Latest posts by Daniel XIII (see all)
- The Outre Eye of Daniel XIII Featuring: WTF! (2017), Ghost Note (2017), Doberman Cop (1977), and More… - 22nd July 2017
- The Outre Eye of Daniel XIII Featuring: Madhouse (1981), The Lawnmower Man (1992), Death Line (1972), and more! - 7th July 2017
- The Outre Eye of Daniel XIII Featuring: Blackenstein (1973), Camera Obscura (2017), The Climber (1975), and more… - 3rd July 2017
If there’s one thing that maestro of the macabre, Dante Tomaselli, brings to all he creates, it’s a richness of image and a real sense of fever dream aesthetics. Now I know what you are thinking, ol’ XIII has finally flipped his lurid lid…why in the unholy hell is he rambling on about visuals in a review of an album of music? Well, first of all; up yours for doubting my sanity, and secondly; demonic Dante is a top shelf fright flick director who just so happens to be a wiz on the sinister synths as well..and every bit of arcane ambience he brings to the silver screen is amplified a thousand fold in his musical endeavors…like his latest collection of terror tunes, Witches!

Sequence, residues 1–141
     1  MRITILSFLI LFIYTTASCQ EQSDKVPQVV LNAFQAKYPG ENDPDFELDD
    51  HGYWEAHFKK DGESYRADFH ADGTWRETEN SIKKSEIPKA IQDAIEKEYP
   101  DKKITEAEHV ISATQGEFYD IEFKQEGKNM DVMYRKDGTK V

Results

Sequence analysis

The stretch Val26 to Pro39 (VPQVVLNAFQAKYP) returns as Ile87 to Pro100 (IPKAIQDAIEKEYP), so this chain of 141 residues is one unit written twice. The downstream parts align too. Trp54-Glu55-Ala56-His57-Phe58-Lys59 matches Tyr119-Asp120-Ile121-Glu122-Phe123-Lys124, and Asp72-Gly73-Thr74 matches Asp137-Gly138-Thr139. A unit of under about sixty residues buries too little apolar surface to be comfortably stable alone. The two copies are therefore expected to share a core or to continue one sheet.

Unlike Tomaselli’s previous releases (Nightmare, The Doll, Scream in the Dark), Witches has more of a synthwave vibe going on rather than the more full-on ambient style utilized in the past, but the affair is truly hallucinogenic as well. When the listener closes their eyes and drifts into the world created by these thirteen sinister soundscapes they will find themselves in a realm of religious zealotry cloaked in ancient evil rituals…basically picture Jonestown by way of Stonehenge. As you can imagine, the effect is akin to listening to the soundtrack to a truly great picture from our beloved horror biz; but one that exists solely in the putrid peepers of our minds.
Speaking of fright flicks (aren’t I always?), the last track on Witches “The Ocean” bears the same name as a film Dante was set to lens a few years back, but as the fickle (and decidedly middle) finger of fate dictates, the film never came to be (but your’s cruelly certainly hopes that will change at some point). I can’t help but wonder if perhaps this track is indicative of the score we would have been treated to…
I honestly can’t recommend Witches enough, especially if you dig on the works of John Carpenter, Werewolves in Siberia, or Disasterpiece…it’s truly immersive horror-scape awesomeness that will fill your eerie ear holes with a pitch black musical mass that’ll haunt you for quite some time!